Entertainer Michael Barrymore should receive “nominal” damages over the wrongful arrest he claims destroyed his career, judges have been told.
The TV presenter is claiming more than £2.4m from Essex Police, which is challenging the ruling at the Court of Appeal in London.
Mr Barrymore launched the action after he was arrested and detained in June 2007 over the murder of Stuart Lubbock.
A 2017 ruling said he should be paid “more than nominal damages”.
Mr Lubbock, 31, was found dead in the swimming pool at the comedian’s home in Roydon, Essex, in 2001.
Mr Barrymore was arrested alongside two other men on suspicion of the rape and murder of Mr Lubbock but no charges were ever brought.
Last year the High Court ruled Mr Barrymore, whose real name is Michael Parker, should “recover more than nominal damages” for wrongful arrest and false imprisonment.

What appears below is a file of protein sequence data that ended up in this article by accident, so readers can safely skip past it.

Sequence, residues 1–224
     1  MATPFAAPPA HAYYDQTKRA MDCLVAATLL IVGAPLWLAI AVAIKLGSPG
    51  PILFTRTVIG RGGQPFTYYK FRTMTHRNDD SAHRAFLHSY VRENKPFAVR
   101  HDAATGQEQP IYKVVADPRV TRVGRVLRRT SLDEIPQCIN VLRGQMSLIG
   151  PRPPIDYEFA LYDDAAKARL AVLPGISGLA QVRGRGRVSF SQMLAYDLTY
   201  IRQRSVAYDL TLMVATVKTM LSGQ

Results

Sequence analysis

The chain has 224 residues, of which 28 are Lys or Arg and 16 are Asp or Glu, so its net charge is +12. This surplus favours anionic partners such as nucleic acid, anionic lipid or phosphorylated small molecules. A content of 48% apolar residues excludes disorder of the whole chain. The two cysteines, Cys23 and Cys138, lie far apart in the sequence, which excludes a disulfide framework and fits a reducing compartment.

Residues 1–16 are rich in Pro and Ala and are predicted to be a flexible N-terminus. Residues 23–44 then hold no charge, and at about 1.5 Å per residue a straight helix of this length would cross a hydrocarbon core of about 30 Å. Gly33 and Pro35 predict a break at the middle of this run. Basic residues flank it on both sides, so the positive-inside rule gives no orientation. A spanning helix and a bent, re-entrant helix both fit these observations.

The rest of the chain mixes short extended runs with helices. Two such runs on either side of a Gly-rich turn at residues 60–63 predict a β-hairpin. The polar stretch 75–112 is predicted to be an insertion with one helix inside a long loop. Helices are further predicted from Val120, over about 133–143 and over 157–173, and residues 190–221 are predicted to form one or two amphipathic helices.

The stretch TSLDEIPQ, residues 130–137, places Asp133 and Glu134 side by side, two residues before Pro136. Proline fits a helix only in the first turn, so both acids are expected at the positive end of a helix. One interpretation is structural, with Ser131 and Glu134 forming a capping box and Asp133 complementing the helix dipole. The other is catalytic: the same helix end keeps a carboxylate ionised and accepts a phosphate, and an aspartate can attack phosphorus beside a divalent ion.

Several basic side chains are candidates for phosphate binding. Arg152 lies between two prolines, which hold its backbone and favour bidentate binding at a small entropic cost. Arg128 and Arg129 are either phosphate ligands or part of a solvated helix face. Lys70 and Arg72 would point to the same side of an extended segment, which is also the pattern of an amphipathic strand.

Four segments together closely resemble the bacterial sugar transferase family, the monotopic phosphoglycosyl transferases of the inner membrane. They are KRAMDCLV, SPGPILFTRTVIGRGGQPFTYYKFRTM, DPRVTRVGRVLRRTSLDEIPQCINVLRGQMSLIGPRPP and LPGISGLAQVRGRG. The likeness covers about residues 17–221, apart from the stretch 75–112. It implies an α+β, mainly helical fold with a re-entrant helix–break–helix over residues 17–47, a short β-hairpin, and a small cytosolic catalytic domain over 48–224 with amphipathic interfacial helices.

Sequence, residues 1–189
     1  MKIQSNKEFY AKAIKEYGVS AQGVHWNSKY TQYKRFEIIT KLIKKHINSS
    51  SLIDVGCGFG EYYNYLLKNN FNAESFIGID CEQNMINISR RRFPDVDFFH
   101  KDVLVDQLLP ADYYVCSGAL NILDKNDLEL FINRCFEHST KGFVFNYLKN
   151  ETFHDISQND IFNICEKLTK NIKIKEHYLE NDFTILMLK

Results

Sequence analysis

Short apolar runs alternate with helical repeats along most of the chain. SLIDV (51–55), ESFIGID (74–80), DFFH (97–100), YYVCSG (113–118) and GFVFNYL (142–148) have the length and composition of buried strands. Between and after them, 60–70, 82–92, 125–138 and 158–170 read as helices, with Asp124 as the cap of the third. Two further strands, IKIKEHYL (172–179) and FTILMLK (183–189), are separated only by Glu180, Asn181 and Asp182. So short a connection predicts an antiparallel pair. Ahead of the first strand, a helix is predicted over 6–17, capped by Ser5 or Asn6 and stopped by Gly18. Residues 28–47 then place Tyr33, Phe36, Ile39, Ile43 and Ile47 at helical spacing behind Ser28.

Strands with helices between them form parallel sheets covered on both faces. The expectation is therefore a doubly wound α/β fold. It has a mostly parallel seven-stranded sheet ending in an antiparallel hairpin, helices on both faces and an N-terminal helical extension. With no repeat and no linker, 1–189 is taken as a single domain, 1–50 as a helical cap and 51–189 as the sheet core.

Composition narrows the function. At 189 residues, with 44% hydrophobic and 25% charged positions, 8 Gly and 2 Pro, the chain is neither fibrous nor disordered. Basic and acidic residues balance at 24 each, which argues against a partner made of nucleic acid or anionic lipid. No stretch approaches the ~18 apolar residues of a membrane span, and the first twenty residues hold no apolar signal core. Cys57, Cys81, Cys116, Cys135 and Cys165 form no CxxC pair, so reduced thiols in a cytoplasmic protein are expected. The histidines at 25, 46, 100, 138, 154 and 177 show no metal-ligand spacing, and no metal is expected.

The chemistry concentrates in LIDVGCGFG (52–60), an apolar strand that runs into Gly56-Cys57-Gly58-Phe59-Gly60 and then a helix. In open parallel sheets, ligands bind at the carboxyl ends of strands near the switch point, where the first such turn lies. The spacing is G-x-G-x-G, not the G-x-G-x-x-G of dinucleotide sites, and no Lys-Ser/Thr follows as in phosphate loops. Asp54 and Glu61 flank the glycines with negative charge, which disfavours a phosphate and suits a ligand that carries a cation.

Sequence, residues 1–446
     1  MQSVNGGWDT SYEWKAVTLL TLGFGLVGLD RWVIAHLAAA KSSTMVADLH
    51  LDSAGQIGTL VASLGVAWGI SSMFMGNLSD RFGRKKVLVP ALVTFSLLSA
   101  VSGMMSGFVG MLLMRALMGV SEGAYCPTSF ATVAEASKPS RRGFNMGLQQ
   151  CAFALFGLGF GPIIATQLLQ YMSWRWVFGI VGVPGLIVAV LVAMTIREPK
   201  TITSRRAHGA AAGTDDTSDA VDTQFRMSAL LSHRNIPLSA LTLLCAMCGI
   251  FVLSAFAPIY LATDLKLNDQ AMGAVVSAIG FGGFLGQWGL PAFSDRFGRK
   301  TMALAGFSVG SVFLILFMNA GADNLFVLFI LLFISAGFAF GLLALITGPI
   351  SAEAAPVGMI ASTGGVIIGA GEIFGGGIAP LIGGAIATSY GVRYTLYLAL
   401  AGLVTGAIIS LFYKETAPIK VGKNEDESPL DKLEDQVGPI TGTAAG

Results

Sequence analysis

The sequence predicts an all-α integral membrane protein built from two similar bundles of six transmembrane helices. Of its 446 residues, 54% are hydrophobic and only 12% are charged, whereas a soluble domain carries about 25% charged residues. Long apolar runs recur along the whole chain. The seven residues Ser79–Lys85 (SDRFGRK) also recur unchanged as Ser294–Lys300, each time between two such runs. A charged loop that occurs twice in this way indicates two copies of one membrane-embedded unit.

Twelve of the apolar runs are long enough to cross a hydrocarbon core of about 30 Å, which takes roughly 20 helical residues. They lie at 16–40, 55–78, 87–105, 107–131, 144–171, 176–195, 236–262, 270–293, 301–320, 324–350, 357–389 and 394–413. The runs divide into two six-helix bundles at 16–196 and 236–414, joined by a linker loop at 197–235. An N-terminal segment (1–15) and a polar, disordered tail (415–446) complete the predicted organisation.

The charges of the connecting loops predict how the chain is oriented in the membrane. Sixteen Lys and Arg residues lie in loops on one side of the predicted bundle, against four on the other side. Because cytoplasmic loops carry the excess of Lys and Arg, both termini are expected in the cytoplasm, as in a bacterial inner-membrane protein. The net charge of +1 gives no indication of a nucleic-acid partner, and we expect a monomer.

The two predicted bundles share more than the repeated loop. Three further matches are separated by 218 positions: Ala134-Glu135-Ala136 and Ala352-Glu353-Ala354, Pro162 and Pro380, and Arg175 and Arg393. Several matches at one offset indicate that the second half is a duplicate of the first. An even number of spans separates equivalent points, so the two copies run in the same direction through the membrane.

The force has said if Mr Barrymore is entitled to substantial damages it could have wide-reaching implications for the police service from wealthy or famous individuals.
Lord Edward Faulks QC, acting on behalf of the Chief Constable of Essex, said the arrest was “wrongful” but the subsequent imprisonment was justified and in the public interest as part of a “painstaking inquiry”.
He said: “It was unfortunate the case was never satisfactory and the truth has never emerged.”
Essex Police said the arrest was unlawful as the arresting officer did not have grounds to suspect Barrymore but that a different officer could have detained him lawfully.
Hugh Tomlinson QC, for Mr Barrymore, had told the High Court judge his client was never charged with any offence and the Crown Prosecution Service (CPS) later made it “crystal clear” that there was no basis for any charges.
In a written argument before the Court of Appeal, Mr Tomlinson submits that the appeal should be dismissed.